The paleontologists say Aquilops was roughly the size of a small cat and weighed about three pounds. That's another key difference from its larger  relatives. 

They say the fossil record suggests horned dinosaurs arose in Asia and spread to North America by about 108 million years ago, the age of Aquilops. 

Lead author of the study is Andrew Farke, a paleontologist from the Raymond M. Alf Museum of Paleontology in Claremont, California, and a specialist on horned dinosaurs.


“Life on land underwent profound changes during the latter part of the age of dinosaurs. This new find supports the view that migration events were fundamental in driving those changes,” said Farke. “Aquilops represents just one of many groups that made the trek from Asia to North America.”

The discovery provides new information on the evolutionary history and migratory patterns of one of the most successful of all dinosaur groups.

“It would appear,” said Cifelli, “that immigration to North America is not limited to historic times, but is a pervasive theme through Earth history, driving change to both past and present communities.”

The skull of Aquilops will be stored in the vertebrate paleontology collection at the Sam Noble Oklahoma Museum of Natural History in Norman, Oklahoma. 

It will be the nucleus for development of an in-house virtual exhibit to go on display in 2015 in the museum's Hall of Ancient Life alongside the museum's Pentaceratops, which holds the Guinness World Record for being the largest dinosaur skull ever found.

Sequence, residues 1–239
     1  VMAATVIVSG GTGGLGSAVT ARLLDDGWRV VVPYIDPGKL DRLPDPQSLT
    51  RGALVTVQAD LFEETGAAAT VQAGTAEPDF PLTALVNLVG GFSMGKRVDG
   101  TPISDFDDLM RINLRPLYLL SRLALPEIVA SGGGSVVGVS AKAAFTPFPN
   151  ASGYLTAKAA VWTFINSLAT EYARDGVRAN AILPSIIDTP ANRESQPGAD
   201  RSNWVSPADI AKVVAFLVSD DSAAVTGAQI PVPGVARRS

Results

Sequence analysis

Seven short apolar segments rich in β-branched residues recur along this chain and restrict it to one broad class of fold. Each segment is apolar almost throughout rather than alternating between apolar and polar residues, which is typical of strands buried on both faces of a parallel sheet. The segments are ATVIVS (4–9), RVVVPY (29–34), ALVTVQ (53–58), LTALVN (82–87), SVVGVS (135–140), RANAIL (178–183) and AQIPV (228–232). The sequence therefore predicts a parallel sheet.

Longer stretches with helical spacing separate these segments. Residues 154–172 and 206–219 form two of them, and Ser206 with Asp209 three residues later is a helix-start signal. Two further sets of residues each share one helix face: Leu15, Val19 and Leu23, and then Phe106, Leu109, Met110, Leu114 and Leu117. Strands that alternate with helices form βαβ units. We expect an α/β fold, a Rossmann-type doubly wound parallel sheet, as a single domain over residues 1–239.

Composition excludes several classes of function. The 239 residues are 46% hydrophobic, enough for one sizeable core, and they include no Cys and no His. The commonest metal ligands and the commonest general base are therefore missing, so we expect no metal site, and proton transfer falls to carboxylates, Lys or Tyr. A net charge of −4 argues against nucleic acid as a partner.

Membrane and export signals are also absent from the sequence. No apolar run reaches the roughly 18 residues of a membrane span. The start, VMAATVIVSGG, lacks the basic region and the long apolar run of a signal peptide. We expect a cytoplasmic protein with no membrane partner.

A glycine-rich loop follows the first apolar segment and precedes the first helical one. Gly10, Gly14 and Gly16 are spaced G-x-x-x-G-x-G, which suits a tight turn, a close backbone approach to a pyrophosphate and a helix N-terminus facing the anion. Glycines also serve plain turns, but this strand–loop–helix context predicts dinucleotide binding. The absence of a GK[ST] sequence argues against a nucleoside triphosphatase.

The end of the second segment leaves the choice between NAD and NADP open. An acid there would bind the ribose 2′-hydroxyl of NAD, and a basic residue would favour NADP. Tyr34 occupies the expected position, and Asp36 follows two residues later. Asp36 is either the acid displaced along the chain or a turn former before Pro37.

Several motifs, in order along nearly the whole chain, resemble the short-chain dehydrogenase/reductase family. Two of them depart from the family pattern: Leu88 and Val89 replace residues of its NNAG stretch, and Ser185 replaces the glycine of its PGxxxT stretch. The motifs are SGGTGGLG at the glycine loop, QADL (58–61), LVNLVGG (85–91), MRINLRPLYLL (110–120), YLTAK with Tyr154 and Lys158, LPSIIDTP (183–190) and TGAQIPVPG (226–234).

Dr. Cifelli has experience with dramatic fossil finds. A few years ago he identified the neck bone of a sauropod found in Atoka County, Oklahoma. The bone was almost five feet long and belonged to a dinosaur called sauroposeidon. The whole dinosaur was more than 100-feet long, with its neck alone stretching 39 feet. 


Sauroposeidon means "earthquake god lizard," which Dr. Cifelli says it earned because of what it must have sounded like when it walked.

Special Features

Live Traffic

Get the latest road conditions on Green Country roadways.

iPhone App

Get breaking news, weather, sports & video directly on your iPhone.

CBS Shows

Watch your favorite CBS shows for free online.

Links

Looking for a website or event you heard mentioned on News On 6? Find it here!

TV Schedule

Need to know what's on TV? Check out our television schedule.

Live Radar

WARN Interactive

Special Coverage

  • Bridge Tracker

    How safe are Oklahoma's bridges? Use Bridge Tracker to find out now.

  • Fallen Heroes

    News On 6 honors our fallen Oklahoma heroes. View our interactive timeline.

  • Murrah Bombing Timeline

    Learn more about the events leading up to and following the bombing.

  • Storm Zone

    Watch tornadoes tear across Oklahoma and learn how to stay safe!

Powered by Frankly
News On 6
303 N. Boston Ave.
Tulsa, OK 74103
Newson6.com is proud to provide Oklahomans with timely and relevant news and information, sharing the stories, pictures and loves of Oklahomans across our great state.
All content © Copyright 2000 - 2017 KOTV. Oklahoma Traveler™ is a registered trademark of Griffin Communications. All Rights Reserved.
For more information on this site, please read our Privacy Policy, and Terms of Service, and Ad Choices.